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ITU responds to industry's quicker, cleaner and greener call

The number of ICT users has trebled since the Kyoto Protocol of 1997. As a result of a call from the telecoms industry, the ITU is to set up a new group to establish standards for lower ICT emissions and how ICT itself can help reduce emissions in other sectors, eg, energy, transport and buildings.

Responding to an industry call, ITU has set up a new group to work on standards related to the impact of information and communication technologies (ICT) on climate change. The new group will focus in particular on the reduction of ICT emissions and how ICTs can assist in cutting emissions in other industry sectors such as energy, transportation and buildings.

Since the adoption of the Kyoto Protocol in December 1997 the number of ICT users has tripled worldwide. It is estimated that the ICT sector produces between 2 and 3% of global greenhouse gas emissions. And yet ICTs are also seen as a part of the solution to the climate change challenge.

ICTs could help cut global emissions by between 15 and 40%, depending on the methodology used to make these estimates. Two recent ITU symposia on ICTs and climate change in Kyoto in April and in London in June this year drew attention to the wide variation in these estimates. A key objective of the Focus Group will be to develop internationally agreed methodologies to describe and estimate the impact of ICTs on climate change, both directly and through their application in other industry sectors.

The importance of ICT standardization to deal with this global issue was acknowledged following the very successful Kyoto and London symposia, and a study by the Global e-Sustainability Initiative (GeSI) — a group comprising key technology companies and organisations, including ITU. The reports of the two symposia were submitted to the G8 Summit held in Hokkaido, Japan, on 7-9 July 2008.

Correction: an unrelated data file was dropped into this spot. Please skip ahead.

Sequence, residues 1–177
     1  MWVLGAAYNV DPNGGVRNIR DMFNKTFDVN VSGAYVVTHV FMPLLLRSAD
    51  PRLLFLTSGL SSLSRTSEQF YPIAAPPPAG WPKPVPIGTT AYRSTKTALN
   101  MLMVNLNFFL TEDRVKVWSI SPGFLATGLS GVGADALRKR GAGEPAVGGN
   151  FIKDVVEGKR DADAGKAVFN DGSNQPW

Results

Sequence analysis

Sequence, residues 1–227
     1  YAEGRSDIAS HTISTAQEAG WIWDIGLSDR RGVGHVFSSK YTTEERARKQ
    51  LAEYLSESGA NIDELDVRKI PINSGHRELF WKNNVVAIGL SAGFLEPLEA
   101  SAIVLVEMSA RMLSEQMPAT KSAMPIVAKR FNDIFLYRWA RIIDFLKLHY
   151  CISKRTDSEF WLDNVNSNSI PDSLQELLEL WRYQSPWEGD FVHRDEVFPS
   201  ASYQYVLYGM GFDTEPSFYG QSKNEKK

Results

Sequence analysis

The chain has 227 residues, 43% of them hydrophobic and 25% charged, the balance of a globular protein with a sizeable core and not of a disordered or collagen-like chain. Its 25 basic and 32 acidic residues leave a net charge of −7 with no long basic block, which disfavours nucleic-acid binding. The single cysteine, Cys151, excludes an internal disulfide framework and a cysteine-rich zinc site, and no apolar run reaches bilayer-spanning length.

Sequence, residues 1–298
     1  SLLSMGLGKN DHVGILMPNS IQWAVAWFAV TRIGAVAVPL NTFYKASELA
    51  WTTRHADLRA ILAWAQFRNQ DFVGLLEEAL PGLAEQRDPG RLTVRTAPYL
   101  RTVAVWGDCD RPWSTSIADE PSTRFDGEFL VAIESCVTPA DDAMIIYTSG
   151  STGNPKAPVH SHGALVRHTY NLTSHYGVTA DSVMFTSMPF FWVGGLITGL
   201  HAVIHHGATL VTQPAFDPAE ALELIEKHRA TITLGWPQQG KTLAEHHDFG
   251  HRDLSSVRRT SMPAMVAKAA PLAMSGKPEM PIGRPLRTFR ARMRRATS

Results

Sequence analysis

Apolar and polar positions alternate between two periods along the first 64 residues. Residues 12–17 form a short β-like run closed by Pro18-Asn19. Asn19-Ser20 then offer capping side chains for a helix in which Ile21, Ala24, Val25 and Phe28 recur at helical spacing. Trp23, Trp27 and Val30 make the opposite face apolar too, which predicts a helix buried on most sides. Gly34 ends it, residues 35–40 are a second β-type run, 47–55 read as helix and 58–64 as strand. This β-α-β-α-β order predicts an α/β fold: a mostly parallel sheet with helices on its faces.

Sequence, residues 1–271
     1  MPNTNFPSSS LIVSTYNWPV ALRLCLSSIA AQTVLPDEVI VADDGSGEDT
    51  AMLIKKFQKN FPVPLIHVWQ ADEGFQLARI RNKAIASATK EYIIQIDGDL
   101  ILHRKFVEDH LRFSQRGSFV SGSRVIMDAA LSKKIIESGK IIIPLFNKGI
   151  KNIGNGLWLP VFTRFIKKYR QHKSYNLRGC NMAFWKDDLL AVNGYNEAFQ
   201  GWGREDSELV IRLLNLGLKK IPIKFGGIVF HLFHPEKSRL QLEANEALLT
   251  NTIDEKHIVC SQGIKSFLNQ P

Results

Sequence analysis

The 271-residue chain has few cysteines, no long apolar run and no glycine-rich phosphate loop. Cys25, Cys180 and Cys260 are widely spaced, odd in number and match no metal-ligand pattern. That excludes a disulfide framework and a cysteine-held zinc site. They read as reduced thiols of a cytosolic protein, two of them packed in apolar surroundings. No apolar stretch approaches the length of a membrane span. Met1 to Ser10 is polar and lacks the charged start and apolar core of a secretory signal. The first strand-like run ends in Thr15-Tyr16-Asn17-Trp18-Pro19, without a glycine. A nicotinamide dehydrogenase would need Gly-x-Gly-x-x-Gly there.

Participants in the symposia — representing ICT companies from around the world — as well as the United Nations Secretary-General Ban Ki-moon, called on ITU to increase its activities in ICTs and climate change. In a message to the London symposium, Mr Ban commended ITU for working with partners inside and outside the UN family to give high priority to actions in this field. "The ICT sector has much to offer in creating a cleaner, greener world but it must also apply international standards in reducing its own greenhouse gas emissions," Mr Ban said.

ITU has moved quickly to create the new Focus Group on ICTs and Climate Change, with an ambitious work plan to conclude by April 2009. ITU Secretary-General Hamadoun I Touré said he was: "very appreciative of the drive that has come from the ITU Telecommunication Standardisation Sector on this topic, paving the way for the establishment of the Focus Group." Dr Touré went on to under line that: "Climate change is one of the major issues of our time and the key role that ITU is playing in addressing the issue has been acknowledged by the UN Secretary-General. ICTs are a contributor to global warming, but more importantly they are the key to monitoring and mitigating its effects."

Malcolm Johnson, Director of ITU's Telecommunication Standardisation Bureau issued a call to arms for the world’s ICT companies and others following the announcement of the Focus Group: "We have heard from industry and from the UN Secretary-General that ITU must tackle this issue of global importance. I encourage all interested parties to participate. This group is open to all and I encourage contributions from the ICT sector as well as other industry sectors, research institutes, and any other specialists in this field."

Work will start immediately using electronic means, and the group will meet physically for the first time at ITU headquarters in Geneva on 1-3 September 2008 under the chairmanship of David Faulkner of BT. In fact, ITU is expected to conduct most of its work using remote collaboration tools to the maximum extent, and collocation with other meetings, to minimise its own emissions.

Presentations from the Kyoto and London symposia can be viewed here. The GeSI study on facilitating the low-carbon economy in the information age has been published highlighting the role that standards will play. A webpage for the Focus Group will be made available shortly.

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